Shubhendu Sharma is working to reforest the world, one tiny patch at a time.
A forest planted by humans, then left to nature’s own devices, typically takes at least 100 years to mature. What if we could make the process happen ten times faster?
Eco-entrepreneur Shubhendu Sharma’s figured out a way of growing native, self-sustaining forests anywhere in the world, with the efficiency of industrial processes. He tells us how.
Back in 2008, I was an industrial engineer at Toyota in India, helping prepare assembly lines and dispatch systems for car manufacture. One day, a scientist named Akira Miyawaki came to the factory to plant a forest on Toyota’s campus. He gave a presentation on his methods, and I became so fascinated that I decided I wanted to learn how to plant a forest myself.
Miyawaki is quite famous, and very old; he’s now 87. He has planted around 40 million trees all over the world, and in 2006, he won the Blue Planet Prize, the equivalent to the Nobel Prize in the environmental field.
His method’s based on what’s called “potential natural vegetation”— a theory that if a piece of land is free from human intervention, a forest will naturally self-seed and take over that land within a period of around 600 to 1,000 years, with the species that would be native and robust, and that would require no maintenance.
Miyawaki’s methodology amplifies that growth process to establish a mature, native forest in ten years — ten times the normal rate of forests planted by humans.
Intrigued, I volunteered with Miyawaki and studied his methodologies, and then planted a forest of 300 trees of 42 species in a 93-square-meter plot in my back garden. It was such a success that I decided to quit the car industry to start Afforestt, a for-profit company devoted to planting native forests for all kinds of clients, from farmers to corporations to city governments.
Here’s how it works. It takes six steps.
1. First, you start with soil. We identify what nutrition the soil lacks.
2. Then we identify what species we should be growing in this soil, depending on climate.
3. We then identify locally abundant biomass available in that region to give the soil whatever nourishment it needs. This is typically an agricultural or industrial byproduct — like chicken manure or press mud, a byproduct of sugar production — but it can be almost anything. We’ve made a rule that it must come from within 50 kilometers of the site, which means we have to be flexible.
4. Once we’ve amended the soil to a depth of one meter, we plant saplings that are up to 80 centimeters high, packing them in very densely — three to five saplings per square meter.
5. The forest itself must cover a 100-square-meter minimum area. This grows into a forest so dense that after eight months, sunlight can’t reach the ground. At this point, every drop of rain that falls is conserved, and every leaf that falls is converted into humus. The more the forest grows, the more it generates nutrients for itself, accelerating further growth. This density also means that individual trees begin competing for sunlight — another reason these forests grow so fast.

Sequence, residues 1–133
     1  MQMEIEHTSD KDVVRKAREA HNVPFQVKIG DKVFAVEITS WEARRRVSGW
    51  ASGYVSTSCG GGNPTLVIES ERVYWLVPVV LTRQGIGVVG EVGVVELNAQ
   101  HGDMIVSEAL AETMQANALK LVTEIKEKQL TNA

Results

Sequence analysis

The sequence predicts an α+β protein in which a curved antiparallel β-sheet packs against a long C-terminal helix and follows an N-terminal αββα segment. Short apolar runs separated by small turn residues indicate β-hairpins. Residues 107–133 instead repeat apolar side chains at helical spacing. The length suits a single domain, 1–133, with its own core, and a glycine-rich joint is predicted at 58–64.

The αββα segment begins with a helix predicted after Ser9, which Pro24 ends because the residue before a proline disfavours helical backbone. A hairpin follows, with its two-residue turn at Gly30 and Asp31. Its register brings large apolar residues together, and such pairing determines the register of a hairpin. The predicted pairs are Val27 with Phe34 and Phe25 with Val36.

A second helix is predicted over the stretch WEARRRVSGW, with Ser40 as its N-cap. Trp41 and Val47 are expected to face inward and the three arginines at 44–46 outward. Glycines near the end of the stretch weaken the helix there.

6. The forest needs to be watered and weeded for the first two or three years, at which point it becomes self-sustaining. After that, it’s best to disturb the forest as little as possible to allow its ecosystem, including animals, to become established.
Of course, you have to keep an eye on the forest in case of changing conditions. Rainfall patterns, for example, are different from what they were in the past, and that could affect native species. Oman, where I am doing a forestation project, is getting more rainfall year after year, so biodiversity is actually increasing. We’ve gone from having to plant thorny, bushy species that can grow in any desert to choosing more deciduous species.
This is why, for every species chosen, we do a thorough survey first. We go by real-time data, gathering information for our native species databases. So while a book on native trees may say that X, Y, Z species belongs to a particular geographic region, until we see that species grow full bloom and in good health in that region with our own eyes, we won’t select it as a forestation species.
Here’s the funny thing: I have no expertise about how to determine native species for forests! But I worked around this by applying car manufacturing models. At Toyota, I worked with the supplier development team, organizing assembly lines and dispatch systems for cars being manufactured in India.
I applied these manufacturing principles to forests, developing a computer program that registers tree species’ specific parameters, such as how high it grows, in what months it blooms, the kinds of temperatures it can tolerate, and so on.
For example, if there’s a species that grows up to 50 feet, the one planted next to it should grow only up to 20, because we don’t want a conflict after five years. In other words, we use car-assembly logic to pick an ideal combination of trees to best utilize vertical space. So it’s not me or any individual expert who decides what species to plant, at what ratios: the software figures it out.